Memorialisation option

Charles Cowling

Edward John Trelawny’s Records of Shelley, Byron, and the Author is, according to blogger Pykk:

a gossipy, wayward, autobiographical book by a moustach’d Romantic who tracked down both poets in 1822 and stayed with them for a while by the Mediterranean. He was still there when Shelley died, and alert enough to rescue the poet’s unburnt heart from his funeral pyre. The cremation, though romantic on paper, was not a romantic gesture; the body had to be carried from the shoreline where it was found to Rome for burial, and the authorities, fearing infectious disease, weren’t going to let them travel through the countryside with an intact corpse.

“In snatching this relic from the fiery furnace,” Trelawny writes, “my hand was severely burnt; and had anyone seen me do the act I should have been put into quarantine.” The heart was passed on to Mary Shelley, who wrapped it in a copy of her husband’s Adonaïs and deposited it in a box on her desk.


6 thoughts on “Memorialisation option

  1. Charles Cowling
    Kathryn Edwards

    And Charles: only you could have hosted this exquisite exchange!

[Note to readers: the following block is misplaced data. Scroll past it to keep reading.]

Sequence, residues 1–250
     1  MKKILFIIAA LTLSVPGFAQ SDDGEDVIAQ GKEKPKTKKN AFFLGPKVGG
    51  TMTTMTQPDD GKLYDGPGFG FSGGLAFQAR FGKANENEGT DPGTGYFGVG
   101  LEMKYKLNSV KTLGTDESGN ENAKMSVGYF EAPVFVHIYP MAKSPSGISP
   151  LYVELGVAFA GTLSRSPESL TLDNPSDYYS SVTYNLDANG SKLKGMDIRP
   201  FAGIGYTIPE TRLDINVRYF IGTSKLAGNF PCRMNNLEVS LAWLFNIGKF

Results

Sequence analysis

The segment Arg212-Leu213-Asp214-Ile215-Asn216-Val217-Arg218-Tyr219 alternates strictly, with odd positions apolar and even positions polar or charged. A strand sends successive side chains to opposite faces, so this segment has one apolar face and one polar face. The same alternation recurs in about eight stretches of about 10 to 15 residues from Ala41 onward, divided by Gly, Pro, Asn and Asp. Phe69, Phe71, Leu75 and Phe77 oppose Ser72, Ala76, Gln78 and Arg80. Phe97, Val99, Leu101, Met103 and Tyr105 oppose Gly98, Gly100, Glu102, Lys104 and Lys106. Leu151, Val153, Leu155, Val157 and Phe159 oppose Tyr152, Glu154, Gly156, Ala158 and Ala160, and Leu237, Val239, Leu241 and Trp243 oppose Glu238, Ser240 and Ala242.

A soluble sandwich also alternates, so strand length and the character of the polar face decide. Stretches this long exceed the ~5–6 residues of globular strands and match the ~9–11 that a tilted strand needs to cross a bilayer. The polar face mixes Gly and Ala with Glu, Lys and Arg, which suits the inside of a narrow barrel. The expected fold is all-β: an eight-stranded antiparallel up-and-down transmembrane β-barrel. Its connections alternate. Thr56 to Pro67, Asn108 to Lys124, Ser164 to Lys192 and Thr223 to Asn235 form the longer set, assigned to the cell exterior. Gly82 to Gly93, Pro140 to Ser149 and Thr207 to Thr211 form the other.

Greetings and love to you, Rupert.

    Charles Cowling
  2. Charles Cowling

    Only she could have asked that and only you could have said that.

    Charles Cowling
  3. Charles Cowling
    Rupert Callender

    Thank you Kathryn. When we met, the only time we met, you asked a question that stays with me still: “Who are you really burying?” The answer being, my mother and father. Cleared my vision. Thank you.

    Charles Cowling
  4. Charles Cowling
    Kathryn Edwards

    Rupert: you are laugh-out-loud funny.
    I always enjoy your contributions.

    Charles Cowling
  5. Charles Cowling
    gloria mundi

    If “pyromaniac” describes someone who is helpless before his mania for starting fires, is there a special derivative of the term for Rupert and his twitchy zippo? And much as I admire his commitment to alfresco cremation, I note that the onlookers/mourners in this painting are careful to stand upwind….

    Charles Cowling
  6. Charles Cowling
    Rupert Callender

    You know my position on this Charles, already absent mindedly flicking the lid of my zippo on and off, and much as I love this picture, (I used it as the invite for my fortieth) clearly a botched job. Not enough wood by a long shot. I have bigger fires than that in my hearth.

    Charles Cowling

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